Get the occasional halitosis? 10 tips to taming dragon breath
No matter how fastidious you are about oral hygiene, most of us experience an occasional bout of halitosis (the scientific term for "you need a mint"). Sure, it’s embarrassing and awkward, but it’s usually temporary. “In most cases, the odor is caused by bacteria or decaying bits of food left behind on the teeth, gums and tongue,” says Dr. Guy Hanson, spokesperson for the Academy of General Dentistry and President at Idaho Dental Wellness Center.
In warm weather, your chances of dehydration are higher. And dehydration could mean less saliva which, according to the American Dental Association, you need to wash away all the bacteria and food.
“But there’s a lot you can do to keep your mouth healthy and control odors.” Here’s how to keep your breath smelling as fresh as a summer's breeze:
Do a breath check
If you’re too embarrassed to ask someone if your breath smells bad, try this quick test: Wash your hands, then use a finger to rub an area toward the back of your tongue. Put the saliva on the back of your hand, let it dry and take a sniff. “If you detect no odor, you’re kissable,” says Hanson.
Know which odors linger
Even if you've brushed and flossed, odors from pungent foods such as onions, garlic and coffee may be detected on your breath up to 72 hours after digestion; it depends on your individual body chemistry. So think twice about that garlicky pasta dinner if you have a job interview (or hot date) the next day!
Get a professional cleaning
“You can’t remove all the plaque that builds up on teeth yourself,” says Dr. Alice Boghosian, consumer advisor for the American Dental Association. “Plaque contains bacteria, which lead to bad breath and gum disease.” To keep your mouth healthy and odor-free, most people need cleanings and checkups at least twice a year, though some people benefit from more frequent visits (your dentist can advise what’s best for you).
Many of us aren't thorough, says Boghosian. For starters, brush twice a day for about two minutes each time. Use a soft-bristled brush (so you don’t wear down your enamel) with a pea-sized dab of fluoride toothpaste. Hold the brush at an angle, making small circles. Brush all tooth surfaces — top, inside and outside. Use the brush to gently scrape down your tongue, which also harbors bacteria. An electric brush is fine, if it's more convenient.
Floss every day
Don’t get lazy! You need to floss no matter how boring it is. “Flossing is the only way to get to bacteria in places where your toothbrush can’t reach,” says Hanson. Curve the floss into a C-shape and slide it against each tooth with an up-and-down and back-and-forth motion. If holding floss feels awkward, use pre-threaded floss holders, interdental picks or electric flossers.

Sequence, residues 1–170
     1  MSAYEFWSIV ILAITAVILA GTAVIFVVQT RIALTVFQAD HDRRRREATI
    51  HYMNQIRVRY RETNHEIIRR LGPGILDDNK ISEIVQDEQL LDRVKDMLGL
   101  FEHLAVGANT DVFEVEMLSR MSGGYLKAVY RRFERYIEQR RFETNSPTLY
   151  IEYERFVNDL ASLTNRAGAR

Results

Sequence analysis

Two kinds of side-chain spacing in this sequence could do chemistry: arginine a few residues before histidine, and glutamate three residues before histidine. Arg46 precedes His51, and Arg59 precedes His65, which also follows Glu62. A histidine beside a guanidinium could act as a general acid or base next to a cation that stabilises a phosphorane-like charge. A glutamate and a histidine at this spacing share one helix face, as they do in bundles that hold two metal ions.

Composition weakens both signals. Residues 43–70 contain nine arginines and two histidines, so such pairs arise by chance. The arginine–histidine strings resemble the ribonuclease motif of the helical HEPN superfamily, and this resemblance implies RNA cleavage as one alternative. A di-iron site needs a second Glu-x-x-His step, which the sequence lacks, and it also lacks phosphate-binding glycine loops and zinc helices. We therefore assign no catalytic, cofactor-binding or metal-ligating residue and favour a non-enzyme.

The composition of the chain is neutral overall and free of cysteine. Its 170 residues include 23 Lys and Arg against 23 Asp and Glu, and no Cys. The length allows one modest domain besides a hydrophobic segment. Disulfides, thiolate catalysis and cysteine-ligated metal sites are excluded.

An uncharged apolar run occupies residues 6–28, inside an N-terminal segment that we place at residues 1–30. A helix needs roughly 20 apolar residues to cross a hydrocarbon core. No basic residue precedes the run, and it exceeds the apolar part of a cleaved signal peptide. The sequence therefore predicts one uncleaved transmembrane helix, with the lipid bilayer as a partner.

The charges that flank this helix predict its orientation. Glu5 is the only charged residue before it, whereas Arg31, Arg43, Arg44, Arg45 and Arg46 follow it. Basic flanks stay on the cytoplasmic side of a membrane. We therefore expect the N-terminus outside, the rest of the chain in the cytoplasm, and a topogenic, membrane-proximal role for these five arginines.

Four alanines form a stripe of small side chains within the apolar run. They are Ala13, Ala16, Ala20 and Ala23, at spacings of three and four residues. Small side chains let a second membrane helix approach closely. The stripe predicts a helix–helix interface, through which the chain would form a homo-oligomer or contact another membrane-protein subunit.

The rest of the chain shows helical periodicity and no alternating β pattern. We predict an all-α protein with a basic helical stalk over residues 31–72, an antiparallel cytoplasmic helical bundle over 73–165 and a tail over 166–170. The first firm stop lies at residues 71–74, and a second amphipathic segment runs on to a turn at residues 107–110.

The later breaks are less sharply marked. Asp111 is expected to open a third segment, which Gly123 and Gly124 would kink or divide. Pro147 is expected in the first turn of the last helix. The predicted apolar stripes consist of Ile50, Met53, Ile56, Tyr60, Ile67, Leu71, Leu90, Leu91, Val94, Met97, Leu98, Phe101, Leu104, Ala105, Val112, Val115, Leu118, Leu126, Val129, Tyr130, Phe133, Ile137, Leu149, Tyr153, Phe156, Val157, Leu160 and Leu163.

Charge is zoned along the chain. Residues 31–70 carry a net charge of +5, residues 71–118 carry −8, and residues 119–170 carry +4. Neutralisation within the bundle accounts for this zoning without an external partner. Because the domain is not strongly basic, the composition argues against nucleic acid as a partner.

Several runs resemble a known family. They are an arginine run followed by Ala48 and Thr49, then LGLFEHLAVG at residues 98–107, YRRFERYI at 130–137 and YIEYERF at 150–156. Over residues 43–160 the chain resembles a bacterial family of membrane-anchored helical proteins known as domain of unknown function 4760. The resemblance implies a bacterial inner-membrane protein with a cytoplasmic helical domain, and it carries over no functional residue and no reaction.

Swish, if you wish
It’s fine to use a mouth rinse after brushing and flossing as a finishing touch to your routine, though be aware that it’s not a cure for bad breath. “It’s only a temporary fix,” says Hanson. “If you need to use it all the time, you should see your dentist to identify the underlying cause of mouth odor.”
Chewing stimulates the flow of saliva, which washes away food particles and bacteria, but stick with sugar-free varieties. “Products that contain sugar make bad breath worse because the bacteria feed on the sugars in the gum,” says Hanson. For bonus points with your dentist, look for those that contain xylitol, a sugar-free ingredient which inhibits the growth of cavity-causing bacteria.
Deal with dry mouth
If you have a condition called dry mouth, due to inadequate saliva flow, you’re more likely to have bad breath. Dry mouth is caused by many common medications such as antihistamines or decongestants, chemotherapy, autoimmune disorders or if you breath through your mouth, which may happen if you snore or if you have a cold or allergies that cause nasal stuffiness. Drink more water, especially after eating, avoid alcohol and caffeine, which can be drying, use mouth rinses that don’t contain alcohol and ask your dentist about prescription medications and oral lubricants.
Add it to the list of reasons to quit: “Tobacco leaves chemicals in your mouth that contribute to bad breath,” says Boghosian. You’re also more likely to suffer from gum disease and more at risk for developing oral cancer if you smoke.
Get a checkup
If you've already seen your dentist and are practicing good dental habits, it’s time to see your doctor, says Boghosian. Many common health conditions can cause bad breath including sinus infections, post nasal drip from allergies, gastrointestinal reflux disease (GERD) and some kidney and liver diseases. Treating the underlying cause is the best way to feel better and have kissing-sweet breath.